What is the Deepest Part of the Ocean?

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  • Written By: Mary McMahon
  • Edited By: Bronwyn Harris
  • Last Modified Date: 08 September 2015
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The deepest part of the ocean is the Mariana Trench, an oceanic trench located in the Pacific Ocean near the island nation of Guam. At its deepest point, known as the Challenger Deep, the Mariana Trench is almost 7 miles (11 kilometers) below sea level. Just to put that in a frame of reference, if someone were to shave Mount Everest off the surface of the Earth and drop it into the Mariana Trench, it would disappear, buried in over 1 mile (1.6 km) of water.

As can be imagined, the pressure in the Mariana Trench is extreme: about 1,000 times the atmospheric pressure at sea level. Organisms like humans, who are accustomed to life at sea level, would implode within fractions of a second if exposed to that depth, and the creatures that live in the Mariana Trench demonstrate a number of unusual adaptations which help them cope with the pressure. Algae, bacteria, marine worms, and an assortment of other unusual creatures live in the total darkness and extreme cold, interrupted only occasionally by survey submarines sent to explore the trench for science.


This incredibly deep ocean trench has formed at what is known as a convergent plate boundary. The deepest part of the ocean is formed by the subduction of the Pacific Plate under the Philippine Plate. To get an illustration of what the trench looks like, a person can slide one of his hands under the other. Right along the boundary where the hands meet, a notably deep trough is formed; if this is magnified significantly, it can provide an idea of what this part of the ocean looks like.

The first survey of the Mariana Trench was undertaken in 1951 by a British team on board the Challenger II. Since the team discovered the deepest point of the trench, the Challenger Deep was named after them. A United States Navy bathysphere visited the bottom of the trench in 1960 with two men on board. Oceanographers liken this expedition to the first moon landing, because of the immense amount of preparation and danger involved, and some like to point out that more is known about the surface of the moon than the deepest part of the ocean.

The Mariana Trench isn't the only deep ocean trench, although it is the deepest, extending to twice the average depth of the world's oceans. Given the extreme conditions at the Mariana Trench, it's unlikely that most people will be spending any time there, but if they do, they will be able to see a fascinating array of marine organisms that have only been seen by a handful of human beings.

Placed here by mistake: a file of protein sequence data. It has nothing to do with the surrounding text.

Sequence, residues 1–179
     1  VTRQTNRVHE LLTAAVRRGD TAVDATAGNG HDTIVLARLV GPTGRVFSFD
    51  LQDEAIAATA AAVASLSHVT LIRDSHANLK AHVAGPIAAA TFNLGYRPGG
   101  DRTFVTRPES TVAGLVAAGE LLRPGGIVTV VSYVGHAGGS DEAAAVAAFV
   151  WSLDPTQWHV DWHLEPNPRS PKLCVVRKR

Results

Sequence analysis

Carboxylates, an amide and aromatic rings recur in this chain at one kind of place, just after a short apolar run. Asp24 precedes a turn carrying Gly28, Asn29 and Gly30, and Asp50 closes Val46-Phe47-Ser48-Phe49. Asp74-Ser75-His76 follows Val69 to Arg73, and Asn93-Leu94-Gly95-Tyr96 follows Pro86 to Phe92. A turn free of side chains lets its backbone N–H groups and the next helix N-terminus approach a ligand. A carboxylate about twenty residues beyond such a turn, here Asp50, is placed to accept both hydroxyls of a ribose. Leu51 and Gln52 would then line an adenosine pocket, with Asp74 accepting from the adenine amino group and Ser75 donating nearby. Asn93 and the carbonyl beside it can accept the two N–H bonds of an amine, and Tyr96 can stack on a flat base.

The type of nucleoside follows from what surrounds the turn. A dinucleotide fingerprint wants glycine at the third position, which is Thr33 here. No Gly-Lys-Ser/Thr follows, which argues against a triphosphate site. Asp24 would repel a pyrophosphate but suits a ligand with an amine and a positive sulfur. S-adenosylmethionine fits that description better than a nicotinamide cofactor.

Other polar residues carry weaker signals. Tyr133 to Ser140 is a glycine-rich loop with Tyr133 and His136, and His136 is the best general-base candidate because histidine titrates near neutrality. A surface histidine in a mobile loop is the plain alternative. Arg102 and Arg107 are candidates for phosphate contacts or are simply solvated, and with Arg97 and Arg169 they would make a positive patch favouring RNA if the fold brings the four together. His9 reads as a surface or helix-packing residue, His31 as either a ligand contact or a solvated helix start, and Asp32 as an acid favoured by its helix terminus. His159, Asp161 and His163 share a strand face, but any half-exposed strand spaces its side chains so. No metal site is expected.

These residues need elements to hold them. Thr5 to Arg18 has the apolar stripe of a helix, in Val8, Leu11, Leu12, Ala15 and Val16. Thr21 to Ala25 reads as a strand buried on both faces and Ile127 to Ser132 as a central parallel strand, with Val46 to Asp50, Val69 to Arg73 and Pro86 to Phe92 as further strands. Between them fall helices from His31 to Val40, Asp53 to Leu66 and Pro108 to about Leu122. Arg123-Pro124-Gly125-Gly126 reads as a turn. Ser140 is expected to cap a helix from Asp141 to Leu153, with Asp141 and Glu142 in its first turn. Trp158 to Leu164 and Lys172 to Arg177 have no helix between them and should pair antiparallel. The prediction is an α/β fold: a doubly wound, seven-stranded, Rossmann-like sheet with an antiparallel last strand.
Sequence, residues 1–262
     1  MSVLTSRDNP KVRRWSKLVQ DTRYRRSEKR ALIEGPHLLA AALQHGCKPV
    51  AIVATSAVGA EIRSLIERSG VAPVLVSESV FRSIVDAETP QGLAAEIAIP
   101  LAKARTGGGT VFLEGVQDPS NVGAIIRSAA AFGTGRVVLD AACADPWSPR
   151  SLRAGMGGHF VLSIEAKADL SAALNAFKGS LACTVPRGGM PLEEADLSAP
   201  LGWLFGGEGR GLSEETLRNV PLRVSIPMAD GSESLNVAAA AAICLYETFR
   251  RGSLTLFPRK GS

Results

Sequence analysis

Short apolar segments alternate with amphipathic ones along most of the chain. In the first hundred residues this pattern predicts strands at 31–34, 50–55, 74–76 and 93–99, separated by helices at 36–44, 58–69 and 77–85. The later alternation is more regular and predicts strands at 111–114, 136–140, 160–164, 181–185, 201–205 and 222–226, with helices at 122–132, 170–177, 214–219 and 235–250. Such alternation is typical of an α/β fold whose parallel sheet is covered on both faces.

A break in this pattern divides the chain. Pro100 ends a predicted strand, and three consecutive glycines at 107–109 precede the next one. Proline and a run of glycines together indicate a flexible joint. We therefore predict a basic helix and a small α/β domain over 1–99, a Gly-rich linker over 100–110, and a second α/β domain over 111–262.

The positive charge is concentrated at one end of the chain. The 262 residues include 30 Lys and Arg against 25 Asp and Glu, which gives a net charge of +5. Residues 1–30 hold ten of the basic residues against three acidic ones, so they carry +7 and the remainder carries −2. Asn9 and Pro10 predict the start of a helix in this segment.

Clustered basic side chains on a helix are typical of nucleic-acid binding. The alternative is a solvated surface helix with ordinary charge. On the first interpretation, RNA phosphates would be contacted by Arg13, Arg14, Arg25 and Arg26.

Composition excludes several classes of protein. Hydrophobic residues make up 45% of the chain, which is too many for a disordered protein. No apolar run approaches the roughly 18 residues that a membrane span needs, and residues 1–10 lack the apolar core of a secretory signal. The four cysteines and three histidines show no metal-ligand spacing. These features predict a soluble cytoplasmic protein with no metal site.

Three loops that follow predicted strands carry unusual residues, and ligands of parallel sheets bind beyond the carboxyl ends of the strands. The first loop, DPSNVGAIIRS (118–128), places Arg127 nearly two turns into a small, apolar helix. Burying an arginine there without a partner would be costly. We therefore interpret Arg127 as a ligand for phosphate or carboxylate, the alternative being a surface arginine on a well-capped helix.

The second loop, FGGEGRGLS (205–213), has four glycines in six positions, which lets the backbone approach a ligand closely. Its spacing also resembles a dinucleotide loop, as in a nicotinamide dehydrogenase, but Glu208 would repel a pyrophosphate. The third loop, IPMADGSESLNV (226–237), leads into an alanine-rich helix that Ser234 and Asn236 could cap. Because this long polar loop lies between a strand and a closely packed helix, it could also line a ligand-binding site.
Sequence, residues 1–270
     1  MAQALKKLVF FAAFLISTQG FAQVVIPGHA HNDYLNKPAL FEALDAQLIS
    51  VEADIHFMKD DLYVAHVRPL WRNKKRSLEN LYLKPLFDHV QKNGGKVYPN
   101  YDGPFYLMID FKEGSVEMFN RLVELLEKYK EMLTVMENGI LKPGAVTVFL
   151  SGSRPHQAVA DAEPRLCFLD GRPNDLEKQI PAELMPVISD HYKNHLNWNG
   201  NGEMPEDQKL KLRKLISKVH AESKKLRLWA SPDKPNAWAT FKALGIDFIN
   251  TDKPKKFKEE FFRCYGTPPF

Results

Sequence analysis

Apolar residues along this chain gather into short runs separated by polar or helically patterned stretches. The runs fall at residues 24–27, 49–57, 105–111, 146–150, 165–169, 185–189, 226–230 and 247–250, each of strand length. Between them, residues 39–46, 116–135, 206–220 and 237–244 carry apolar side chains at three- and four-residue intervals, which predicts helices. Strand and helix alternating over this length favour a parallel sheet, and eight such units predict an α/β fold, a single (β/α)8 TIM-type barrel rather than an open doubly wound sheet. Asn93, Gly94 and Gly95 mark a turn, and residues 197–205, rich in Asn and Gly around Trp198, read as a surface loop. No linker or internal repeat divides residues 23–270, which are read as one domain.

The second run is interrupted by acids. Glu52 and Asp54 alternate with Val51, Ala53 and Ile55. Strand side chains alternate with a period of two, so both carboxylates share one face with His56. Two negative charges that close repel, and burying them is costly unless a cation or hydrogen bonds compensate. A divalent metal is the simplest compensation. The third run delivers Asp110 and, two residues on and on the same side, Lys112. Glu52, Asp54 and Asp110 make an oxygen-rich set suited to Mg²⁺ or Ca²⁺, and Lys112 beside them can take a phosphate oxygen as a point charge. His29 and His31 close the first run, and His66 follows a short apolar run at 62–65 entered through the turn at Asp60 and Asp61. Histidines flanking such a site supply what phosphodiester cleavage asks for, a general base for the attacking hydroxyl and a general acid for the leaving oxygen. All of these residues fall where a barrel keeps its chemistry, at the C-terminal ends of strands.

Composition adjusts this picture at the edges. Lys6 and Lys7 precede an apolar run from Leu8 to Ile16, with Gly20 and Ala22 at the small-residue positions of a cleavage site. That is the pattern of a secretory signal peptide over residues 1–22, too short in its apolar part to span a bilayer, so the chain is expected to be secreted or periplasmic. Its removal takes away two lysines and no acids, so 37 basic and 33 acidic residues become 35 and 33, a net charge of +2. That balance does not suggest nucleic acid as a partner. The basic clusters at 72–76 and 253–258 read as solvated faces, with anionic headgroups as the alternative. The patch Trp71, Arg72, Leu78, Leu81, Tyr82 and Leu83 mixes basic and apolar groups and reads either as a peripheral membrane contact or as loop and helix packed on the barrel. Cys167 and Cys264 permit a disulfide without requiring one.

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Post 15

It's really amazing to spot the deepest part of ocean. Who knows? There may be even deeper spots. But kudos to team for venturing deep. Also I would like to recommend people to the sport of freediving. If you have the guts, give it a go.

Post 12

OK, one more time for those who don't read: Only a very small portion of the ocean floor has been explored; however, roughly 100 percent has been mapped. There's a difference. Same with the Earth's surface: it's been 100 percent mapped, although there still are some places that have yet to be explored.

Post 11

We've mapped most of the world's oceans, even though we've actually looked at a small fraction of the seafloor.

However, all of the deepest spots are in trenches, where one continental plate subducts under another. We know where all the trenches are, and have mapped them in pretty fair detail.

It's not impossible that there could be a deeper spot in one of these trenches, and we could discover it as we get higher resolution maps of the sea floor. However, ocean features vary over a somewhat large scale. It's not like you have a flat bottom at 20,000 feet, and then suddenly a small hole in the middle of the flat area at 40,000 feet. If that

were so, then yes, we could have missed that hole because we weren't looking in fine enough detail.

However, like I said, the topography down there is much more gradual, just like on the surface. On the surface, you wouldn't expect to find a 10 mile tall mountain in the middle of a flat plain. If it existed, it would be where the topography is generally mountainous. You would look for it in a mountain range.

It's the same for the sea floor. The deepest spots are in the trenches, and most trenches have been pretty finely mapped. If there are deeper spots than Challenger Deep, they are probably quite tiny, and not a whole lot deeper.

Post 10

Can we really say that we have seen the deepest part of the ocean yet? The ocean is a depth of wonders and until all of the ocean has been searched then who knows what's under there.

Post 9

If we have only explored 3 percent of the oceans, then how do we know the Marianna Trench is the deepest part of the ocean?

Post 8

We have discovered all of the oceans but have only explored 3 percent of them and by the way, there would be fish poop on the bottom.

Post 6

I wonder if we'll ever know the answer to this.

Post 5

Actually we have discovered about three precent of the ocean.

Post 4

I wonder what would be at the bottom.

Post 3

Just because we have only explored only 1 percent, doesn't mean we haven't mapped the rest.

Post 1

I just have to wonder that if we have only explored 1 percent of our oceans floor, maybe the deepest part of the ocean is still waiting to be discovered.

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